Sharing the safe operating space: Exploring ethical allocation principles to operationalize the planetary boundaries and assess absolute sustainability at individual and industrial sector levels

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In the light of increasing human pressures on the Earth system, the issue of sharing in the face of scarcity is more pressing than ever. The planetary boundary framework identifies and quantifies nine environmental boundaries and corresponding human pressures. However, when aiming to make the concept operational for decision support it is unclear how this safe operating space (SOS) within each of the planetary boundaries should be shared. This study proposes a two‐step approach, where the operating space is first downscaled to the individual level using ethical allocation principles and next scaled up to a higher organizational level using different upscaling methods. For the downscaling, three allocation principles are demonstrated: egalitarian (equal per capita); grandfathering (proportional to current share of the total impacts); and ability to pay (proportional to economic activity). For upscaling from the individual level final consumption expenditure is used as a proxy for the priority that the individual gives to the product or sector. In an alternative upscaling approach, an additional upscaling factor is based on the eco‐efficiency (ratio between turnover and environmental impact) of the product or sector. A demonstration of the method's application is given by applying the framework to two of the planetary boundaries, climate change and biogeochemical flows, with the Danish, Indian and global dairy sectors as cases. It is demonstrated how the choices of allocation and upscaling approaches influence the results differently in the three cases. The developed framework is shown to support an informed and transparent selection of allocation principles and upscaling methods and it provides a step toward standardization of distributing the SOS in absolute environmental sustainability assessments.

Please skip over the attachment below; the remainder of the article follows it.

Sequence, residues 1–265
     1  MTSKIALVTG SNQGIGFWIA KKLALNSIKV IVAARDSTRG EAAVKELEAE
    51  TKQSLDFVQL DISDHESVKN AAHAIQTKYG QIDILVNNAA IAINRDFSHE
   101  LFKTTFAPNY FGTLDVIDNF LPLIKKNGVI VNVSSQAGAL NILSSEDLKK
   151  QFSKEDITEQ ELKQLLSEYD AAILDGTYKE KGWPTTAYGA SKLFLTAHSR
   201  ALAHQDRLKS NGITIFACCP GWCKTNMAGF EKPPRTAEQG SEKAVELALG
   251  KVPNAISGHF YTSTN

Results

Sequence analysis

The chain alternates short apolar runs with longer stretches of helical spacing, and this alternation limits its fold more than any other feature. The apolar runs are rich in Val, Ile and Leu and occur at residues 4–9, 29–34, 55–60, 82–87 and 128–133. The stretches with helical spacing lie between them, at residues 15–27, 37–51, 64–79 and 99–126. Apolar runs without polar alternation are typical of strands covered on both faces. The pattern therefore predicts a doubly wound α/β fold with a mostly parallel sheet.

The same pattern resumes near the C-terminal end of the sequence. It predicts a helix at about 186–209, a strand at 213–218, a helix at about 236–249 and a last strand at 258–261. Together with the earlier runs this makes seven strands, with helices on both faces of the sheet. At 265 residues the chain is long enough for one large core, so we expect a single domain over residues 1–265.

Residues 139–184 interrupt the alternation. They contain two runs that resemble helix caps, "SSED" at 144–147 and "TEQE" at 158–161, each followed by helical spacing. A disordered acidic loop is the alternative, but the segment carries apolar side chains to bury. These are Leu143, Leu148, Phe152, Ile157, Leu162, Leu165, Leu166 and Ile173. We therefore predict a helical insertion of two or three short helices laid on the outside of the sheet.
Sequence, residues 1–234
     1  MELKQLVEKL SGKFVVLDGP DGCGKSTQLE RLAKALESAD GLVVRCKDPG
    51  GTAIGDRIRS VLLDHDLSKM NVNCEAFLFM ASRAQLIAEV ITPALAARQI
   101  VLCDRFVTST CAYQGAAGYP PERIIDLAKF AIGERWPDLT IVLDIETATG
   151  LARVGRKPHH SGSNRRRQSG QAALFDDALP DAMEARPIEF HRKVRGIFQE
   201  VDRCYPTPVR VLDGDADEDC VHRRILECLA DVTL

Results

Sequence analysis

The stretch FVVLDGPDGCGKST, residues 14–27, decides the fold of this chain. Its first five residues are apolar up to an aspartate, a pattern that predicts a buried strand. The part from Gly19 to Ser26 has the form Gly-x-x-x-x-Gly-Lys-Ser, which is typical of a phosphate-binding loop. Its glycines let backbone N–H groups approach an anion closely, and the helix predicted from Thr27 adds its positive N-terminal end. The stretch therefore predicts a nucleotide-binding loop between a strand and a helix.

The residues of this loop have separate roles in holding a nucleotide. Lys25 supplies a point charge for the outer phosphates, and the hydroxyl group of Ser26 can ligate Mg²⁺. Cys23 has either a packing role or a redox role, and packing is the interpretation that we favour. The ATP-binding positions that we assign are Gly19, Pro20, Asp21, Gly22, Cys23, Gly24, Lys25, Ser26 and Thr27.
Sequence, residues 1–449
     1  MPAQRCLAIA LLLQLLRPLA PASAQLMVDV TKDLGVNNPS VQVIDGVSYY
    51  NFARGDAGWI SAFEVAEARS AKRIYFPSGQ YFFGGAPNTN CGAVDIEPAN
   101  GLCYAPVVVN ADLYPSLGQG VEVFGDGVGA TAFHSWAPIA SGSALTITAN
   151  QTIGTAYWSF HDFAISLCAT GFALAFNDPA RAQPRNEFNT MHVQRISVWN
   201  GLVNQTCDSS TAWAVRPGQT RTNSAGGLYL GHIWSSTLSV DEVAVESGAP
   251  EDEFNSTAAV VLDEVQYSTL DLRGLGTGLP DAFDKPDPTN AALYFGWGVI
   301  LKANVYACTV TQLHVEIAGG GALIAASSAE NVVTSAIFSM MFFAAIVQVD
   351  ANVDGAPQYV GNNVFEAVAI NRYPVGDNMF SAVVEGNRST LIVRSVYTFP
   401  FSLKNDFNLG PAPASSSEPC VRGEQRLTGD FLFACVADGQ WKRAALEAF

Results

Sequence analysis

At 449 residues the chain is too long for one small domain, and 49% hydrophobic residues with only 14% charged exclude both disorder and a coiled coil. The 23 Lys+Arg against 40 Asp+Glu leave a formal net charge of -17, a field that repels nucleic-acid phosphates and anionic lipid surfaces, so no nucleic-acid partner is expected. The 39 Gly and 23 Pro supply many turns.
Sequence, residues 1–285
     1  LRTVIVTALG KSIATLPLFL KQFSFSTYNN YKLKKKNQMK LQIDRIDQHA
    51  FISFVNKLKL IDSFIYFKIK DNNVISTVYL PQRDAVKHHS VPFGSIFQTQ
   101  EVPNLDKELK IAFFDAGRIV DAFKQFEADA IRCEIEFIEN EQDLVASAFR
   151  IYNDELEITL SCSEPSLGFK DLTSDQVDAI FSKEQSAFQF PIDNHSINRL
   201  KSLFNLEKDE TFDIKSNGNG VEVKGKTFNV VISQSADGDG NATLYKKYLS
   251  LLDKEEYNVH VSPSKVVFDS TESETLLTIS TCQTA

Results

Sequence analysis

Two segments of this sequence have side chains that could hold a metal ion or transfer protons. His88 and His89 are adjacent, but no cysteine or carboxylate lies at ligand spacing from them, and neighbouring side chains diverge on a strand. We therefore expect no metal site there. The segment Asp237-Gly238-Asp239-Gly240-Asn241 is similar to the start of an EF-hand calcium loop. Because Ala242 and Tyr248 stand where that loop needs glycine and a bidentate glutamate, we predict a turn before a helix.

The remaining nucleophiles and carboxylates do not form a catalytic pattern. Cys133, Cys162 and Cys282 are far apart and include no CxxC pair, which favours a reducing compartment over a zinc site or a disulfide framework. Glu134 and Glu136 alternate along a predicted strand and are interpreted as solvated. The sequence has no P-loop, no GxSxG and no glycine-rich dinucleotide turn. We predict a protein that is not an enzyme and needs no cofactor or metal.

Original languageEnglish
JournalJournal of Industrial Ecology
Number of pages14
Publication statusE-pub ahead of print - 27 Aug 2020

ID: 246831392